{
    return $this->belongsTo(Post::class, 'foreign_key', 'other_key');
}

Many To Many

Many-to-many relations are slightly more complicated than hasOne and hasMany relationships. An example of such a relationship is a user with many roles, where the roles are also shared by other users. For example, many users may have the role of "Admin". To define this relationship, three database tables are needed: users, roles, and role_user. The role_user table is derived from the alphabetical order of the related model names, and contains the user_id and role_id columns.

Many-to-many relationships are defined by writing a method that returns the result of the belongsToMany method. For example, let's define the roles method on our User model:

<?php

namespace app\custom\Models;

use app\framework\Component\Database\Model\Model;

class User extends Model
{
    /**
     * The roles that belong to the user.
     */
    public function roles()
    {
        return $this->belongsToMany(Role::class);
    }
}

Like all other relationship types, you may call the roles method to continue chaining query constraints onto the relationship:

$roles = User::find(1)->roles()->orderBy('name')->get();

override this convention. You may do so by passing a second argument to the belongsToMany method:

return $this->belongsToMany(Role::class, 'role_user');

In addition to customizing the name of the joining table, you may also customize the column names of the keys on the table by passing additional arguments to the belongsToMany method. The third argument is the foreign key name of the model on which you are defining the relationship, while the fourth argument is the foreign key name of the model that you are joining to:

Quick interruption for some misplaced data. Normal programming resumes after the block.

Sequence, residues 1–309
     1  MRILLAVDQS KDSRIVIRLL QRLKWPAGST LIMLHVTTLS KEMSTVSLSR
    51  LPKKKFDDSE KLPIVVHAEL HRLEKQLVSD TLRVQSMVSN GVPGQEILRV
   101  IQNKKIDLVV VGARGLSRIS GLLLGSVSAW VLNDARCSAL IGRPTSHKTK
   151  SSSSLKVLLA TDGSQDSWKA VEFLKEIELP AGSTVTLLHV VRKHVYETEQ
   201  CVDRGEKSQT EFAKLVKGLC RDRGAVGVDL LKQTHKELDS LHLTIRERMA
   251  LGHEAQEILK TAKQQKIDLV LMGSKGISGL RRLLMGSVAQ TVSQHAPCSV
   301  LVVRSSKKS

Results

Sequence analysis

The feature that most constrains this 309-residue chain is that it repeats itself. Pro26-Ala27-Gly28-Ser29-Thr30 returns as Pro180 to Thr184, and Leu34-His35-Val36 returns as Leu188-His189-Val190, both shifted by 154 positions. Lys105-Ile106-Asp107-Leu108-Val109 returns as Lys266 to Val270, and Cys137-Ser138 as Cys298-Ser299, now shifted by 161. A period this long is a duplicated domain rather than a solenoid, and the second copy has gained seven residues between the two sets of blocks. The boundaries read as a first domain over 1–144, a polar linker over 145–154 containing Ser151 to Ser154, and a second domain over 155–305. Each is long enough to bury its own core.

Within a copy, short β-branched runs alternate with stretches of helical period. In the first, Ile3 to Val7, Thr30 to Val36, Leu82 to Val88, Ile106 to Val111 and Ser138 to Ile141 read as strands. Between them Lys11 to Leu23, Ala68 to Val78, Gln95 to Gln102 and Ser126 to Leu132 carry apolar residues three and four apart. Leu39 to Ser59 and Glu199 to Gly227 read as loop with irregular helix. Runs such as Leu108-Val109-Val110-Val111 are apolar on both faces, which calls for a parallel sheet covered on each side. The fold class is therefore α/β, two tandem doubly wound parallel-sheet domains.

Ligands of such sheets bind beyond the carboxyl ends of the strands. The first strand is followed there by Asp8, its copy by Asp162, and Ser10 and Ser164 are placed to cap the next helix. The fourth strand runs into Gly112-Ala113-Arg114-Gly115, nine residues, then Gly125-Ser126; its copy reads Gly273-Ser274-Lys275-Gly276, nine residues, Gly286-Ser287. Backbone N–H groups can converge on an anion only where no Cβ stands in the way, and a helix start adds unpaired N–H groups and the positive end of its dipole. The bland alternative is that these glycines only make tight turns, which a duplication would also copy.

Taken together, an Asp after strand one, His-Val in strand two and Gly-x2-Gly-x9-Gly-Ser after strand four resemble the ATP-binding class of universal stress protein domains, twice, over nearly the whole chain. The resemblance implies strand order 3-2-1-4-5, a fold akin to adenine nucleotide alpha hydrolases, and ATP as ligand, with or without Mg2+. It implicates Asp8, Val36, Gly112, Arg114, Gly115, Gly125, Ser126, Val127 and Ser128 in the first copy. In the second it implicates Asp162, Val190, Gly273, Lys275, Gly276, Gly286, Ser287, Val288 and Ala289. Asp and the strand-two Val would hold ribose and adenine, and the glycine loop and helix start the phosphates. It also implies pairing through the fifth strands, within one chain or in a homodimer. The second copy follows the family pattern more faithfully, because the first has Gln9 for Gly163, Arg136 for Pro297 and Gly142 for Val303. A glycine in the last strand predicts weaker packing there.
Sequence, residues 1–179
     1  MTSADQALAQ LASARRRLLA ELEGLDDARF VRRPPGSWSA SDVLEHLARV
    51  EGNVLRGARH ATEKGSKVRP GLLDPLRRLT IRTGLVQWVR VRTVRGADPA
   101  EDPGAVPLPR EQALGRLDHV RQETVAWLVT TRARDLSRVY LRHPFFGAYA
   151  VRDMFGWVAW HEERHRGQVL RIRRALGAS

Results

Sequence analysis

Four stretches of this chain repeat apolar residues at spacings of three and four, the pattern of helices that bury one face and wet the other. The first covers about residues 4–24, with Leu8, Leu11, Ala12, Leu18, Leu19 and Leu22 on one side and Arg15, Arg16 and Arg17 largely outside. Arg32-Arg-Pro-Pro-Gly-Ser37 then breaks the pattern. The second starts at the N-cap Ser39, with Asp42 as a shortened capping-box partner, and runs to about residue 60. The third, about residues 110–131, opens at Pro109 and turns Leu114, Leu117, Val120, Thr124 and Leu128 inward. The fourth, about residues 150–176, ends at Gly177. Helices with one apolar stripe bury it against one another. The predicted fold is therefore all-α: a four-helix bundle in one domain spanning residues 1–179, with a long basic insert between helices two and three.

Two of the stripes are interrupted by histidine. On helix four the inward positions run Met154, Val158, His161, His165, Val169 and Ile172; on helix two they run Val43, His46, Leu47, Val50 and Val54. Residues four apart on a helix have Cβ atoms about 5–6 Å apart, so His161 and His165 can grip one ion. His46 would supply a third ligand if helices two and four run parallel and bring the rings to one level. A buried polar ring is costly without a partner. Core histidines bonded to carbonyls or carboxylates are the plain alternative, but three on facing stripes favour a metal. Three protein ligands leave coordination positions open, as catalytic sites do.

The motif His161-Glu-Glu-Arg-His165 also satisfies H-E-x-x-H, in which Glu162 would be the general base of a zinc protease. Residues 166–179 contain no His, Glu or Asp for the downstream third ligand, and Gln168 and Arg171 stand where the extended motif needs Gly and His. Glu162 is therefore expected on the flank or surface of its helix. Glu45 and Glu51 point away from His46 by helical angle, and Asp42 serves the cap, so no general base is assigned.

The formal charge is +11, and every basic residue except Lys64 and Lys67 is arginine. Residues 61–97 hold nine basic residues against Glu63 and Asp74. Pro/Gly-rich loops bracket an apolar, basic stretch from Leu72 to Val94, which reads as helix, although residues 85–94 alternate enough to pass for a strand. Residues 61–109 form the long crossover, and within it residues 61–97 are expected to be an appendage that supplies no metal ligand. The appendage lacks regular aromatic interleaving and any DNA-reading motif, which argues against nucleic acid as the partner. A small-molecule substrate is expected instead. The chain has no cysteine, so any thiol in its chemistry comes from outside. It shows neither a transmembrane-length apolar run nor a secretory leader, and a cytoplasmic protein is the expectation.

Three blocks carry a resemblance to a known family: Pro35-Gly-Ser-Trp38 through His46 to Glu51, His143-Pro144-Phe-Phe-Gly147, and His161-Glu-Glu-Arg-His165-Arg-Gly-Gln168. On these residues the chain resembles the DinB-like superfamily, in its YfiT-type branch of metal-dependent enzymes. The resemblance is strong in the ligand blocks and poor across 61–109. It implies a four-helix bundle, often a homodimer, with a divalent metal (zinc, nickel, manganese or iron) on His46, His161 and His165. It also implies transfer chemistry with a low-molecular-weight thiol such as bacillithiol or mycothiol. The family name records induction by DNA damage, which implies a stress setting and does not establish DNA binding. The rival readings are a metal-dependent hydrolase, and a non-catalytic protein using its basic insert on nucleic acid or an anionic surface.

return $this->belongsToMany(Role::class, 'role_user', 'user_id', 'role_id');

Querying Relations

Since all of the relationships are defined in methods, you may call these methods to obtain an instance of the relationship without actually executing the relationship queries. In addition all relationships serve as QueryBuilder, allowing you to continue to chain constrains onto the relationship query before finally executing the SQL against the database.

For example imagine a blog system in which a User has manny related posts:

<?php
namespace app\custom\Models;

use app\framework\Component\Database\Model\Model;

class User extends Model
{
    public function posts()
    {
        return $this->hasMany(Post::class);
    }
}

You may query the posts relationship and add additional constraints to the relationship like so:

$user = User::find(1);

$user->posts()->get();

You are able to use any of the QueryBuilder methods on the relationship, so be sure to explore the query builder documentation to learn about all of the methods that are available to you.